I understand the Web played a big role in your growth, too.

One of our core purposes is to make our online customers feel like they're in the store and as if they know us; we're trying to break down that Internet barrier. So in 2007 or 2008, my husband Doug had the foresight—before Zappo's, before Amazon—that we needed to do YouTube video reviews for every single product that we carry. It was also about rankings: Google had changed their algorithm so that if someone typed in "Rowan Big Wool" and we had a YouTube video with that title, you'd see a snapshot of our video on the first page. How great is that? Now we're on Facebook, Pinterest and about to start an Instagram campaign.

What about social media?

We're not a discounter, we're not promotions-heavy: Our competitive advantage is great customer service and that we're storytellers. Our whole goal is for you to get the brands that we carry on a personal level. Social media is a terrific way to accomplish that goal. About six months ago, we set up a hot tub in our warehouse and filled it with yarn: We're kind of in the middle of nowhere, but we get a lot of people coming to visit us, so we wanted to give them a unique experience. So now they can take pictures of themselves in the Jimmy Beans hot tub. And, of course, they post those on social media. For the Olympics, we're going to fill it with red, white and blue yarn.

Jimmy Beans shows up in pretty eclectic places: You have a multi-year partnership with the U.S. Ski and Snowboard Association; you did goody bags for the Emmys one year. What’s that about?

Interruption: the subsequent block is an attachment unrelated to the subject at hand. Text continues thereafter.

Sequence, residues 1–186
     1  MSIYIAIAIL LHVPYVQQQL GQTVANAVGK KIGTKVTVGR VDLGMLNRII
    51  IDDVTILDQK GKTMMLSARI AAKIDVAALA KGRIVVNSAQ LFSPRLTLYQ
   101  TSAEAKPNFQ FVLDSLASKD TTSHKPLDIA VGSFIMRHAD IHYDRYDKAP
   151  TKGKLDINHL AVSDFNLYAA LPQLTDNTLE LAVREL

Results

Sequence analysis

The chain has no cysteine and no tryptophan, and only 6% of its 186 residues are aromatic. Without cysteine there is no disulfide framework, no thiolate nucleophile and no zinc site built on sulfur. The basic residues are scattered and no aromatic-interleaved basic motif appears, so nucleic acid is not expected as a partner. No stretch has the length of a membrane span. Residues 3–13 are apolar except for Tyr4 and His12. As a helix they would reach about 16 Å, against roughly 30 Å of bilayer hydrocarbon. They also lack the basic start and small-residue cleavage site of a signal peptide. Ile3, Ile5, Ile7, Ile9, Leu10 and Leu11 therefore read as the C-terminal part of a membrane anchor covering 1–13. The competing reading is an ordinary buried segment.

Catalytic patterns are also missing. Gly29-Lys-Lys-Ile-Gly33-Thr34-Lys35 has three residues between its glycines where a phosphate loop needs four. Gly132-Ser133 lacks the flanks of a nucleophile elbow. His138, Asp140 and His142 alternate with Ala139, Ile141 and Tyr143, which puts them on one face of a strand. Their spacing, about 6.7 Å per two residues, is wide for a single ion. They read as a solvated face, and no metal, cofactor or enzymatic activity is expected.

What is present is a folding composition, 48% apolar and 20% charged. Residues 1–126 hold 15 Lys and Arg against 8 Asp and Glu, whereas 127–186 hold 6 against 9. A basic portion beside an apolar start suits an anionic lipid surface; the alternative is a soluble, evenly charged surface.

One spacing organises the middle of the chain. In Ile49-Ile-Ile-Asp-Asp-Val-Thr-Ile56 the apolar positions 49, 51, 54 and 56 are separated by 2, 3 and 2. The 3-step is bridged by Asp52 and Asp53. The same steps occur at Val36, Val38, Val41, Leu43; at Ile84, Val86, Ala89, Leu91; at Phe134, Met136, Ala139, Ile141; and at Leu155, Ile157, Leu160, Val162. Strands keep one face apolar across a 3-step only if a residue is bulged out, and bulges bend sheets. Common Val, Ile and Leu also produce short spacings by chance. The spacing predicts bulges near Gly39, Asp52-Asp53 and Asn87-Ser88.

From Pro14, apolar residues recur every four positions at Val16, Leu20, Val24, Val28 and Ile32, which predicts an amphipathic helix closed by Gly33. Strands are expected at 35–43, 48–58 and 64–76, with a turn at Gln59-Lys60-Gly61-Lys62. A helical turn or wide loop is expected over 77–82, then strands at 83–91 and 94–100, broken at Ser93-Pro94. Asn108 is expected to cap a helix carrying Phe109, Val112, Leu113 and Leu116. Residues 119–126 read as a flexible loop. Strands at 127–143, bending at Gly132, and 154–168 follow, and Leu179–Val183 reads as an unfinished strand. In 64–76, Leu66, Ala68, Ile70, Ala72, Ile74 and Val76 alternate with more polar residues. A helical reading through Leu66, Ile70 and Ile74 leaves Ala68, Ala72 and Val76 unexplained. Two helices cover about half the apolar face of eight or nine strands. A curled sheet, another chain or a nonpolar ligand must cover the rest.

We focus a lot on mainstream publicity and partnerships. I advertise in knitting magazines, but nobody's going to notice us because everyone's advertising knitting stuff. I want to advertise in Car & Driver because I can guarantee that every one of the magazine's readers knows someone who knits or crotchets or sews or quilts. And that ad is going to pop.

If someone who was starting a brick-and-mortar store asked you for three pieces of advice, what would you say?

First: cash-flow management. It sounds really textbook, but you have to get QuickBooks or some program like that and write down every pen you buy, everything that you spend money on and categorize it and look at it every single month if not more frequently. Look for patterns. At least in our industry, people just don't do that. Instead, they send in all the receipts to an accountant at the end of the year and say, "Did we make money or not?" That's one of the biggest mistakes. The second thing is, if you have employees, you have to recognize everyone. They have to know each job is as important as every other. Management was really hard for me at the beginning—I didn't know how to communicate my vision to managers who worked for me. I had to work really hard on that because they're the ones now communicating with customers and vendors. The third is customer service. The customer's always right. You have to think about how you'd want it if you were shopping. In every single situation, flip it around.